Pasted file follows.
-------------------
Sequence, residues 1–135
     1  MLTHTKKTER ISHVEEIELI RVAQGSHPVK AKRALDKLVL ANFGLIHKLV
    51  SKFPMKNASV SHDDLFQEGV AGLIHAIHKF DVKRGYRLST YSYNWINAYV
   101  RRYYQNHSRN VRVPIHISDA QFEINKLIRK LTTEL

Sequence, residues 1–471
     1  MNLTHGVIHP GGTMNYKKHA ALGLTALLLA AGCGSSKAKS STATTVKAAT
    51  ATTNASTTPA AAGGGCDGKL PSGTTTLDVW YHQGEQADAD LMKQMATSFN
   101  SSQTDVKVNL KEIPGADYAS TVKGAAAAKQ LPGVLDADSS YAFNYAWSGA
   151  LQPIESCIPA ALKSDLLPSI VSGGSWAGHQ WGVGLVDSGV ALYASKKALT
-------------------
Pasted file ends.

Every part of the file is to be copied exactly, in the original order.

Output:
Sequence, residues 1–135
     1  MLTHTKKTER ISHVEEIELI RVAQGSHPVK AKRALDKLVL ANFGLIHKLV
    51  SKFPMKNASV SHDDLFQEGV AGLIHAIHKF DVKRGYRLST YSYNWINAYV
   101  RRYYQNHSRN VRVPIHISDA QFEINKLIRK LTTEL

Sequence, residues 1–471
     1  MNLTHGVIHP GGTMNYKKHA ALGLTALLLA AGCGSSKAKS STATTVKAAT
    51  ATTNASTTPA AAGGGCDGKL PSGTTTLDVW YHQGEQADAD LMKQMATSFN
   101  SSQTDVKVNL KEIPGADYAS TVKGAAAAKQ LPGVLDADSS YAFNYAWSGA
   151  LQPIESCIPA ALKSDLLPSI VSGGSWAGHQ WGVGLVDSGV ALYASKKALT